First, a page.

Master's Theses

Date of Award

1979

Degree Name

Master of Science (MS)

Department

Psychology

Advisor

James Ryabik

Abstract

The level of task difficulty has been found to be an important variable to consider in distractibility studies (Sen & Clarke, 1968; Turnure, 1970a, 1970b). Actual as well as perceived task difficulty has also been found to be related to activity levels in mentally retarded children (Stephens & Henry, 1973). These findings suggested that the level of task difficulty may be an important variable to consider when conducting activity level research. The primary purpose of this study was to examine the relationship between fidgetometer activity level and the perceived difficulty of academic tasks in elementary school students. In addition, the relationship between fidgetometer activity level and actual task difficulty was examined. Eight English-speaking prospective first and second grade males (CA range six years, three months to nine years, five months) served as subjects. Although subjects employed in this study were determined to be of average intelligence, they were experiencing difficulties in learning in the academic areas of reading and/or mathematics. Activity rates were measured by use of the Ryabik-Farrall Activity Chair (Ryabik, 1976) during five different sessions. Academic stimuli consisted of reading and arithmetic tasks determined to be appropriate to the subjects ' grade placement. Three separate RBF-24 designs (Kirk, 1968) were used to analyze the data. Results of this study failed to support earlier research which found a relationship between activity level and actual as well as perceived task difficulty (Stephens & Henry, 1973). Factors contributing to these results as well as the need for future activity level research were discussed.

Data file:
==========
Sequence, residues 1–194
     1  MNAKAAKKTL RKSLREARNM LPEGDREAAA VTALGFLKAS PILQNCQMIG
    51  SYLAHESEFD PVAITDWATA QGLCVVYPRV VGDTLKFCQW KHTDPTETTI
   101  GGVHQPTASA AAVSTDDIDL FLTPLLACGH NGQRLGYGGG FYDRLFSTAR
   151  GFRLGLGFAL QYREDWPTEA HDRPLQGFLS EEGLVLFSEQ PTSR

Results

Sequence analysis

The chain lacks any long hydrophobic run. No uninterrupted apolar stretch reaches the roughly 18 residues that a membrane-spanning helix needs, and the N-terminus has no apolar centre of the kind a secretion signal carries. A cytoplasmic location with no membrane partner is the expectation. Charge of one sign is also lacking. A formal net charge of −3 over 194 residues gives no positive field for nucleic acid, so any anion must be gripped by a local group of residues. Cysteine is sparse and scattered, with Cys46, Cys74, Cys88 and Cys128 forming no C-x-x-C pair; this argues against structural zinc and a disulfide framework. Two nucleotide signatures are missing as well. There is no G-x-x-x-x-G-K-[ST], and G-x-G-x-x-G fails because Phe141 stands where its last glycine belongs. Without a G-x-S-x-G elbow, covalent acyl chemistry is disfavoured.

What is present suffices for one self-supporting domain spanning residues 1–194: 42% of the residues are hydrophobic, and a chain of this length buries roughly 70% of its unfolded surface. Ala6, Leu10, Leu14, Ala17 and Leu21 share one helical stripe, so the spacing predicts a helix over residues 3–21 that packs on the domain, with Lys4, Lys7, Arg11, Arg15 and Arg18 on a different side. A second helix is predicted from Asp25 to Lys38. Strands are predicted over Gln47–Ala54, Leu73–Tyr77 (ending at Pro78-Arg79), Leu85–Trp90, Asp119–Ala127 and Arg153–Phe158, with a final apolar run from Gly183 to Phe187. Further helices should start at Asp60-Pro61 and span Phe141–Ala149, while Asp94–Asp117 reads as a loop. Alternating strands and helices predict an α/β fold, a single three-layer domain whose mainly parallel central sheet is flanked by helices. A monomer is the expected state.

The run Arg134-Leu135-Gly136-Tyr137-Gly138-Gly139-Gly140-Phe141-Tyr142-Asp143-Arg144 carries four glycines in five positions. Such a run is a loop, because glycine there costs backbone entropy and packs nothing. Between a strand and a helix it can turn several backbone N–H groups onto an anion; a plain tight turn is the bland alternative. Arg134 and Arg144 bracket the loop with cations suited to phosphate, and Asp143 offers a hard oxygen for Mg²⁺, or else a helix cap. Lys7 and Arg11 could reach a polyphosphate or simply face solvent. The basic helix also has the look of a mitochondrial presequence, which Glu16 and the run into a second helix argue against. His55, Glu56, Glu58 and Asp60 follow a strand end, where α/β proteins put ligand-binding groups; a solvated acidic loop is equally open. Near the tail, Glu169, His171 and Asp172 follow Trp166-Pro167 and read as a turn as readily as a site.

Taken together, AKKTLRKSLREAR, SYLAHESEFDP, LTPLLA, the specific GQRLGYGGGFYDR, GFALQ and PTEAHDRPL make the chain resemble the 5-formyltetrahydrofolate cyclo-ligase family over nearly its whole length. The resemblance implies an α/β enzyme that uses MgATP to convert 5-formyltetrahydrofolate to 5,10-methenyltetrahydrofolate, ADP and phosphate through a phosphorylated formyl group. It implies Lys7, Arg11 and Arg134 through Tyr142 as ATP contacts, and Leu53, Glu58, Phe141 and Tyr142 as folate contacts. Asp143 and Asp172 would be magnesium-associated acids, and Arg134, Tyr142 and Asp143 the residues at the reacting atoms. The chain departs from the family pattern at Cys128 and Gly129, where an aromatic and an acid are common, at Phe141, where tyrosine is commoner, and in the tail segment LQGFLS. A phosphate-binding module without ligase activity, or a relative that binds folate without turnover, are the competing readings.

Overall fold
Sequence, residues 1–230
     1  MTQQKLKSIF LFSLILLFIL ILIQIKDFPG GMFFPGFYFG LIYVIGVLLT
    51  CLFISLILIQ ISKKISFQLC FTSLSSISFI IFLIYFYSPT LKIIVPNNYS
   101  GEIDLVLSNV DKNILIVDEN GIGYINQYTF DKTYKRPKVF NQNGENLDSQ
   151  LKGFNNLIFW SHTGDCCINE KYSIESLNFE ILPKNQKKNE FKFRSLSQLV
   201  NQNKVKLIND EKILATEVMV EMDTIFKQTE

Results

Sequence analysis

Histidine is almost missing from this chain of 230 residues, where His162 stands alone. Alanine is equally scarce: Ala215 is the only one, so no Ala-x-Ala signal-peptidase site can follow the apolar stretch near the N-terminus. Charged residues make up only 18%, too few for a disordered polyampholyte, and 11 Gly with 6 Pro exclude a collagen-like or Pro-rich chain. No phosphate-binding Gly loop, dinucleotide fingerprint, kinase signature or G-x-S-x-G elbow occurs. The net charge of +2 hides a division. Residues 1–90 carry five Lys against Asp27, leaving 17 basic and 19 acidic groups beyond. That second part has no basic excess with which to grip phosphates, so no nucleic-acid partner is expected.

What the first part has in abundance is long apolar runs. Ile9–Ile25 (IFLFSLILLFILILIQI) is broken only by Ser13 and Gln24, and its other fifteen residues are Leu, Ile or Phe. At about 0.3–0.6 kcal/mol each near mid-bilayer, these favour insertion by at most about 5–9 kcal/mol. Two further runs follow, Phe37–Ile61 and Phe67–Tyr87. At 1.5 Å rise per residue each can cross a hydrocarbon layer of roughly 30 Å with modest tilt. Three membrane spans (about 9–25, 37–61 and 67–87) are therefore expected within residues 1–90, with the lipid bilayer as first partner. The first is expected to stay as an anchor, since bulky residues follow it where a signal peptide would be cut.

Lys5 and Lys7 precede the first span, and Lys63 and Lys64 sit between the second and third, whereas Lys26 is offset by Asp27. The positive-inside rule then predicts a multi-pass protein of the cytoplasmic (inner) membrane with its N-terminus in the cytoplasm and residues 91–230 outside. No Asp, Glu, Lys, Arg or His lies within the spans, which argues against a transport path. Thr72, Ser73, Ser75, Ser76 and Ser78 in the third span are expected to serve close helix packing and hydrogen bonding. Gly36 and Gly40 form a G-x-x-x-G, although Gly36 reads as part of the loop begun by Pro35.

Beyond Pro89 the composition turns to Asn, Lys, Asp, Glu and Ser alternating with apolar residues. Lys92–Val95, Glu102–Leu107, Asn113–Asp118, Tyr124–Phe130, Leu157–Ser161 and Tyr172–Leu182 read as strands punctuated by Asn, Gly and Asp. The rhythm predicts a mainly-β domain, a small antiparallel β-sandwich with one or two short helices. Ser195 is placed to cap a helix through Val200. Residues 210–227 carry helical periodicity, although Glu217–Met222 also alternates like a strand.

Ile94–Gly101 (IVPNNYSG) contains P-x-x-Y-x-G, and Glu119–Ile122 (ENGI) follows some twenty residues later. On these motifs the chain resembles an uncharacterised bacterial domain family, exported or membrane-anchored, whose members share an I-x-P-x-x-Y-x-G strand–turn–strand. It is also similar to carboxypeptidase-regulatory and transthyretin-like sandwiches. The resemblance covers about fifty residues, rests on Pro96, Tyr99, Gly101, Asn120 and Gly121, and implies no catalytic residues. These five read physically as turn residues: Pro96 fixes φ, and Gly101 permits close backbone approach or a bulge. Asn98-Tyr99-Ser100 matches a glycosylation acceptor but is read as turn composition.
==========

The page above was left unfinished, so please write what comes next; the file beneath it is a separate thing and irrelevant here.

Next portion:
Rights

Copyright 1979 Gerald L. Jones

Comments

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